I literally cried when I was given that diagnosis. Have you ever wished that you had a "respected" disease so that your co-workers would understand why you can't work? "I'm sorry, I can't come in today. My rheumatoid arthritis is flaring up." That is an explanation they would respect. However, "I'm sorry, I can't come in today. My fibromyalgia is acting up." Yeah, that flies like a lead balloon. The typical reply would be "Oh, I'm sure you're just fine. You need to come in because we are shorthanded. Besides, you sound fine."
Maybe this treatment is payback for my own attitude. How often had I, as a nurse, rolled my eyes at a patient requesting pain medications because his or her fibromyalgia is acting up? I can recall thinking, "If you were really in pain, then the x-rays, CTs, or MRIs would show something. You are obviously just a drug seeker."
The most humbling nursing experience of my life was being diagnosed with the very condition that I had discounted and dismissed as a fake.
So what is a nurse to do? My health was so unpredictable that I couldn't possibly keep a set schedule. Fibromyalgia has been defined as being similar to a bank with regular deposits and withdrawals. Every so often generous deposits of "energy" and "well-being" are made to your account, and you can feel almost normal on those days.
However, you can also expect the inevitable withdrawals, and when they occur, that sense of well-being is taken away. The problem is that you never know when a withdrawal is going to take place. You can have an account full of energy one day, only to find your funds depleted the next, with no explanation, no warning. It's like the Bank of Fibromyalgia keeps its own hours, and this unpredictability made it very difficult to work in my chosen profession. There is no feeling like having every penny withdrawn from your energy bank and looking forward to three 12-hour nursing shifts in a row. I knew that I couldn't go on this way for another twenty years until retirement. Also, I had no desire to be dependent on pain medications in order to function. This is another story in itself as I did go down that road for a time. So what is a nurse to do?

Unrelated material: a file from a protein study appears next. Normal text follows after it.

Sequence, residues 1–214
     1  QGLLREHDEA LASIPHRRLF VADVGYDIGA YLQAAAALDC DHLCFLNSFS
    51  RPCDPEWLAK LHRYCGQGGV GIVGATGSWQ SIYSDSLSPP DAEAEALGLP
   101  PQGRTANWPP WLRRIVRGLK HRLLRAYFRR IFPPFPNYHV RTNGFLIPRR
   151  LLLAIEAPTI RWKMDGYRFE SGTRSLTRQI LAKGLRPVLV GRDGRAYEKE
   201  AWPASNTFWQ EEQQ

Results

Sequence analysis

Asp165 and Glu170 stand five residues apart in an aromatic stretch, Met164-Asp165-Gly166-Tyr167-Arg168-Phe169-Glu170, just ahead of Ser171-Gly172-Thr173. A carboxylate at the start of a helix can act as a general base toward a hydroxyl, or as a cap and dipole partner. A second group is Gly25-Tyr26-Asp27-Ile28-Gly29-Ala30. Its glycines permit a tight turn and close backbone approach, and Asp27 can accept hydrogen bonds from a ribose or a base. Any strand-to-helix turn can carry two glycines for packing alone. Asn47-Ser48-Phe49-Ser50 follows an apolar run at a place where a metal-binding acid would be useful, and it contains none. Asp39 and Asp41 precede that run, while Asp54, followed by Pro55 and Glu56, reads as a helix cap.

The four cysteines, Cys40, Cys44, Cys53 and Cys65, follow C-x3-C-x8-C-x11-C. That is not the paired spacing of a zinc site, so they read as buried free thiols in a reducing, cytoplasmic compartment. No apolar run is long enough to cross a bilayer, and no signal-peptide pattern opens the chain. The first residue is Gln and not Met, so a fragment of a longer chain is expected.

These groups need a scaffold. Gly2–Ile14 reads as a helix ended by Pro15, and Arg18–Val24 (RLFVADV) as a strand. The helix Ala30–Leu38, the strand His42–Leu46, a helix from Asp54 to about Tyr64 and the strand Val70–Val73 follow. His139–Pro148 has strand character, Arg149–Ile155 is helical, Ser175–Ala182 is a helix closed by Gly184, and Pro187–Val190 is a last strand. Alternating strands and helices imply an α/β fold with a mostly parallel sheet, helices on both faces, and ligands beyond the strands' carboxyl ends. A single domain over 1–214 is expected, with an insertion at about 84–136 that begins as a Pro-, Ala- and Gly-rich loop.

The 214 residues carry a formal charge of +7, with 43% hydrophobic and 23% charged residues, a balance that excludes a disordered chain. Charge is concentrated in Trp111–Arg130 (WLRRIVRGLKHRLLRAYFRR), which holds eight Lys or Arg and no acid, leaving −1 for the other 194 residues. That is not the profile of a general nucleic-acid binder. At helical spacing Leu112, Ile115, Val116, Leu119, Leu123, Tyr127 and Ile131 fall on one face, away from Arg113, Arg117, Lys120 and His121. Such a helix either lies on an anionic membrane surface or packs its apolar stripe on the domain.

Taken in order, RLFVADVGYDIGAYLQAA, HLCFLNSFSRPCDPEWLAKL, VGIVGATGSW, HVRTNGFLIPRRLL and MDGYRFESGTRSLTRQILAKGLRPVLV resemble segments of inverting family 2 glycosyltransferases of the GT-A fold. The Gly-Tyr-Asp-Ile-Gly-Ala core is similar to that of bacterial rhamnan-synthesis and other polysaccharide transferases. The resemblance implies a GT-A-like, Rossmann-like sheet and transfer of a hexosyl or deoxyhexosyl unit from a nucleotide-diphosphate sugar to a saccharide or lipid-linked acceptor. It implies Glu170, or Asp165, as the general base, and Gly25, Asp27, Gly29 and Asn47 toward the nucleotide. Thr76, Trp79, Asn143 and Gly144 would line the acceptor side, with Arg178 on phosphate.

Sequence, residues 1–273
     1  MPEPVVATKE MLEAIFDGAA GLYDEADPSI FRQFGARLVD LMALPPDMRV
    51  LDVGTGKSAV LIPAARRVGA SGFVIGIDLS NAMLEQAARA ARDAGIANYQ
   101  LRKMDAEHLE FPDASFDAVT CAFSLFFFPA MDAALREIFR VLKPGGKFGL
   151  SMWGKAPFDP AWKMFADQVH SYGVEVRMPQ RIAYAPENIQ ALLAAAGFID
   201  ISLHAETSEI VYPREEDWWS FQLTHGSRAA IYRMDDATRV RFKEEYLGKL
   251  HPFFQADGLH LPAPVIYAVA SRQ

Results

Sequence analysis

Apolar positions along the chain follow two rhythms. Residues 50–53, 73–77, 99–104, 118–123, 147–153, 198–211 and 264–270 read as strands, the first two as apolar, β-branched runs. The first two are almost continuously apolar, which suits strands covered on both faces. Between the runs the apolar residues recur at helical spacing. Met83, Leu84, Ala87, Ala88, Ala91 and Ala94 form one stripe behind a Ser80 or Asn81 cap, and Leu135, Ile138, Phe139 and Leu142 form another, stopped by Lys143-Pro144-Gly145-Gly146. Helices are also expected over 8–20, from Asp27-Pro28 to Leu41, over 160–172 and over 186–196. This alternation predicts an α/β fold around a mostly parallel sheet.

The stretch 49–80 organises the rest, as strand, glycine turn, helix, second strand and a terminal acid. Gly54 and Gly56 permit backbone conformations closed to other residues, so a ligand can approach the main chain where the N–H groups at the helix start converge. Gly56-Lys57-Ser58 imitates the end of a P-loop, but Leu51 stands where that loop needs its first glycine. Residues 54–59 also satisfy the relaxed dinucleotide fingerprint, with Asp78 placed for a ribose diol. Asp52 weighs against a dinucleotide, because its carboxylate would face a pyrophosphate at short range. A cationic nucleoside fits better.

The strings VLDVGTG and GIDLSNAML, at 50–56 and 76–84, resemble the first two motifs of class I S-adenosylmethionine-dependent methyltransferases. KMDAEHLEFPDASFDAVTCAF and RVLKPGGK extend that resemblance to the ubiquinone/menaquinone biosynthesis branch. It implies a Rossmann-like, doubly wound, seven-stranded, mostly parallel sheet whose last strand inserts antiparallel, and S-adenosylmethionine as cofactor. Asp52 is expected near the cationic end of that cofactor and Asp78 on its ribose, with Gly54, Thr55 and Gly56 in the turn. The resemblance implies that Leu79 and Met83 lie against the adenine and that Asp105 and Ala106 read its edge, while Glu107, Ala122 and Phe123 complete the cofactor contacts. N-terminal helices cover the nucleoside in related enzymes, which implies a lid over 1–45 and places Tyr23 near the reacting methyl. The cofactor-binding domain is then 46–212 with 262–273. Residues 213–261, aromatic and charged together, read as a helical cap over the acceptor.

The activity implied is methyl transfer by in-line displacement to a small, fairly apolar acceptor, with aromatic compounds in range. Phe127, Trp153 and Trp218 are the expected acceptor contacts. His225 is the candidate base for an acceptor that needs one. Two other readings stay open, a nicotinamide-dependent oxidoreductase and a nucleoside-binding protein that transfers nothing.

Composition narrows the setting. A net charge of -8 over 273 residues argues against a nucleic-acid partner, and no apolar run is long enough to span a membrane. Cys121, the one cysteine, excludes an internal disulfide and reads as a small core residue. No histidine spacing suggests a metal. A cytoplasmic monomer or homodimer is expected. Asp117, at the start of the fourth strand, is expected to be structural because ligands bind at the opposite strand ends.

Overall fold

I went back to school. In three-and-a-half years I was able to work through an online BSN program and a MSN program. This is not an easy task when you suffer from an unpredictable brain fog, headaches, and incessant body aches. However, through some dogged determination I was able to graduate. I have never regretted it. Since it was no longer possible for me to consistently work in my former areas of practice, my education has afforded me the ability to work in the capacity of a nurse educator. I will begin my Ph.D. program within a few months again online.
I may be one of the first Ph.D. nurses with a certified case of "brain fog," but I certainly will not be the last. More and more nurses who are experiencing this debilitating disorder are turning to education as their lifeboat in foggy, turbulent, unpredictable waters. And as we move forward, we take with us a new-found, hard-earned respect and empathy for those who suffer from in tractable, unexplained, and under-respected pain.